Buying a home is a complex process, and there are plenty of opportunities to make a mistake. And when it comes to real estate, mistakes quickly add up to thousands of dollars or tens of thousands over the life of a loan. Here are some of the best kept secrets that many home buyers wish they knew the first time around.
Keep Money You Need Liquid
If you are saving up for a down payment on a home, keep the money in a savings account. Don’t invest it, since the investment may go down in value and end up worth less than what you put in when you need to take it out.
Another variation of this advice is to keep your emergency fund and sinking fund for home repairs in cash. Don’t pour money into your mortgage to pay it down only to turn around and pay fees to take out a home equity loan. You’re now paying more in interest and fees to tap into the home equity than you’d have paid if you just put several thousand dollars in a savings account and left it there until you needed it.
And don’t try to generate a source of spending money by thinking new credit cards will take up the slack. Opening new credit cards before securing a mortgage hurts your credit and could result in a higher mortgage rate.
Buy What You Need
There are several ways this advice applies to a new home buyer. First, buy a home with the space you need, such as enough bedrooms for the kids you have and maybe one more if you’d like another child. Don’t buy a huge house in the hope you can use all of the space. Second, buy a home near the amenities you want and need, such as a home located near good schools and public transit hubs. Don’t spend more for a house in a more upscale neighborhood just because you want to be able to say you live there. Don’t spend more for a house with a third bathroom when two is probably fine for your family. Don’t fall in love with the swimming pool you’ll rarely use or luxury touches that result in a house that costs more than your budget. Always balance the thrill of potentially owning something with the maintenance tasks and costs it incurs.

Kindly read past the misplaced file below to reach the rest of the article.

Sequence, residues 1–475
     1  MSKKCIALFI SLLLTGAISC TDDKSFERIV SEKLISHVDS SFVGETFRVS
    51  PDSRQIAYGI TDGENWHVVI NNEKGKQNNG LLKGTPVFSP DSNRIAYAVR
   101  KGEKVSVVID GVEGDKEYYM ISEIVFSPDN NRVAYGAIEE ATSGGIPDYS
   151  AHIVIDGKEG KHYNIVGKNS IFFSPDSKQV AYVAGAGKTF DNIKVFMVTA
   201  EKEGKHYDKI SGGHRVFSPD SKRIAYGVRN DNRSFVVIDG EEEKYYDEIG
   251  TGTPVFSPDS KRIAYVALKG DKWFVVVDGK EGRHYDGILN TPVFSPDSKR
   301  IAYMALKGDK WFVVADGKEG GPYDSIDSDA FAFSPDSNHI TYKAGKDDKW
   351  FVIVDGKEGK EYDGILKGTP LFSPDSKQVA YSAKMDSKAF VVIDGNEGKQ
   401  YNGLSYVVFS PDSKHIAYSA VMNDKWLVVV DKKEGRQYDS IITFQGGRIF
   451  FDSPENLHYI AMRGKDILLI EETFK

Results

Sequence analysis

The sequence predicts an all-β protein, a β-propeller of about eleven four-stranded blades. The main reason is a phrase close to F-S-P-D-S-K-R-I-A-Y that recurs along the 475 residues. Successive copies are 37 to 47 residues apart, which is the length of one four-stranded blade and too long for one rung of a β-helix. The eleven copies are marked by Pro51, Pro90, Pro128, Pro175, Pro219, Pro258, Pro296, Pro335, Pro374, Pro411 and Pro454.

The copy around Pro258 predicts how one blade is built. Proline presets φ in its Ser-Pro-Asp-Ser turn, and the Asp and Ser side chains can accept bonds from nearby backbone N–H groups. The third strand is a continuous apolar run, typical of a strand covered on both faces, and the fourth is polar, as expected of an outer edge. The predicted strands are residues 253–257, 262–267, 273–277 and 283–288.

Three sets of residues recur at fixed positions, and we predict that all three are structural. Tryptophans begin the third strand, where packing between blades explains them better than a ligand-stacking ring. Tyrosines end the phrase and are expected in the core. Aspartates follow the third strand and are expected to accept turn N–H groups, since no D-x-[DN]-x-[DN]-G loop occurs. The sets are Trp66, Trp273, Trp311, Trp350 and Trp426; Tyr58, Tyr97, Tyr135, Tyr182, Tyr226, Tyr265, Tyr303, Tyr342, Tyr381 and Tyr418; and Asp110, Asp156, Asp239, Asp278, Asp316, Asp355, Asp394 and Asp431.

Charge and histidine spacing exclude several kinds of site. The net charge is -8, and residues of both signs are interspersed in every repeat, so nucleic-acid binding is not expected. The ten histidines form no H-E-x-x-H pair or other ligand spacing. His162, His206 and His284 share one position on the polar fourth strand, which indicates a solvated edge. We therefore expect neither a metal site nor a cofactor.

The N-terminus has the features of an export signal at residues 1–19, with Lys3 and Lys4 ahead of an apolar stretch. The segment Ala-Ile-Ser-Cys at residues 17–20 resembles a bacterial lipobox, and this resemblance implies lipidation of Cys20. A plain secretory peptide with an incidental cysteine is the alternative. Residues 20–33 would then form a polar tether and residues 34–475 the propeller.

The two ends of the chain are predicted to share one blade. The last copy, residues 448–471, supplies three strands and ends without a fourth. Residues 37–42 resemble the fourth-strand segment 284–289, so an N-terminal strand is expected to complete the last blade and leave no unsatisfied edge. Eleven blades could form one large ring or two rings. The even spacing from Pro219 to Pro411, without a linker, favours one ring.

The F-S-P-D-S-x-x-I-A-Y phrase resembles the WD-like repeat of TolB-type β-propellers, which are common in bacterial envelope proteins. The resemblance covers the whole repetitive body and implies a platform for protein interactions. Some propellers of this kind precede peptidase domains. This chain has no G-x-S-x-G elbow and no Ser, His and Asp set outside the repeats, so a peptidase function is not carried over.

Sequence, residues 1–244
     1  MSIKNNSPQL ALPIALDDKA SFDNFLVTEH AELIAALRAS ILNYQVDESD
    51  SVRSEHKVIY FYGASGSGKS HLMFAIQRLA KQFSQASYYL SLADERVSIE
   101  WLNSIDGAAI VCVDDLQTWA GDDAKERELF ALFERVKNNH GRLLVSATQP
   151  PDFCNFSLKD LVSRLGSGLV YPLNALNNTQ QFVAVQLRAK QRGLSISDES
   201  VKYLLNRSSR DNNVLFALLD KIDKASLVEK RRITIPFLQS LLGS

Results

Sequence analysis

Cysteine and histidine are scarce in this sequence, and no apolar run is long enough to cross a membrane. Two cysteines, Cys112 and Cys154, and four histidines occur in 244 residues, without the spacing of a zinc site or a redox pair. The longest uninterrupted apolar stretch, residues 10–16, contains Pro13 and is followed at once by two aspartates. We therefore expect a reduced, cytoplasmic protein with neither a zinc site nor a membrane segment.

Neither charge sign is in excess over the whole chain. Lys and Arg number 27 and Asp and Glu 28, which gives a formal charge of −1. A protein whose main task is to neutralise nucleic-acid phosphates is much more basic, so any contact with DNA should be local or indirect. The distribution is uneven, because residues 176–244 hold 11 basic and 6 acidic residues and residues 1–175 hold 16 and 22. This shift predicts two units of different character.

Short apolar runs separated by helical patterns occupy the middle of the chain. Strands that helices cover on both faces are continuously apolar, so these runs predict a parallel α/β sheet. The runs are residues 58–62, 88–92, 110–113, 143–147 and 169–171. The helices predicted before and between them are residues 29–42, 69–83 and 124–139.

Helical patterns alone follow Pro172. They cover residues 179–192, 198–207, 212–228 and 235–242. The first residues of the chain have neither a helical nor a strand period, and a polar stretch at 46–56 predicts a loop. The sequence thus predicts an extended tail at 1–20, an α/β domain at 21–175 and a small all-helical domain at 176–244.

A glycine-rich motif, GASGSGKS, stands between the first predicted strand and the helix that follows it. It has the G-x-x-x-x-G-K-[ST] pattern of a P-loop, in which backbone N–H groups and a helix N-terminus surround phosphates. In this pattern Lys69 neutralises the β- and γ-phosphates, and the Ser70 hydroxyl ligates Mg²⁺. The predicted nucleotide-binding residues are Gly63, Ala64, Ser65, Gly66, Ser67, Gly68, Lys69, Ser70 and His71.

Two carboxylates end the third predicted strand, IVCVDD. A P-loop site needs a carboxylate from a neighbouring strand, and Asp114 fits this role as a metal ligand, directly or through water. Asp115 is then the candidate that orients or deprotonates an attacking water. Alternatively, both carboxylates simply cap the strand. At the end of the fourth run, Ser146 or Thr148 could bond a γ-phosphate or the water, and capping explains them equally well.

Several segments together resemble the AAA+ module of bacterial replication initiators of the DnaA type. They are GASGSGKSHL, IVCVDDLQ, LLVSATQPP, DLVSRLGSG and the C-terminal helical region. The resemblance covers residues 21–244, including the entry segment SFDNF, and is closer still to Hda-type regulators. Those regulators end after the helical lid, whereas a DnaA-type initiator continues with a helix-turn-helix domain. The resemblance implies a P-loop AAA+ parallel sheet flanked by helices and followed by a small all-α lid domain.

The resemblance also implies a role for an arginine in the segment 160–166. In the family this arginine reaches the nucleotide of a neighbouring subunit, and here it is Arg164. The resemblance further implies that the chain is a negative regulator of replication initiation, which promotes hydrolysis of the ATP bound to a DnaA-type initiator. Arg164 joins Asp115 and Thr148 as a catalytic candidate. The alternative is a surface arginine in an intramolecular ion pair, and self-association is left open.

Loan Terms Matter as Much as Interest Rates
One secret too many home buyers don’t learn until much later is how much the terms of the loan matter, and they may matter more than the interest rate itself. For example, an adjustable rate mortgage that adjusts upward becomes a major problem if there isn’t a cap on how high it can go. The low to moderate interest rate is mitigated by paying extra principle payments, but some loans limit how much you can pre-pay. A lower interest rate is nearly irrelevant if the loan comes with hefty fees.
Talk to a Grande Prairie mortgage broker to find a loan that combines low interest rates with the loan terms you need.
Get Pre-Approved for a Loan
Too many home buyers don’t understand the difference between pre-qualification and pre-approval. Pre-qualification is the initial check of your credit report and finances followed by the bank saying, “We’ll probably give you a mortgage.” A pre-approval means they’ve already approved you for a mortgage up to a set amount at a given interest rate. If you’re only pre-qualified, you may not be able to secure a mortgage of the necessary amount to buy the home. And going through the loan approval process takes time that could kill a number of deals because the sellers go with the people who have been approved for a mortgage and can close faster.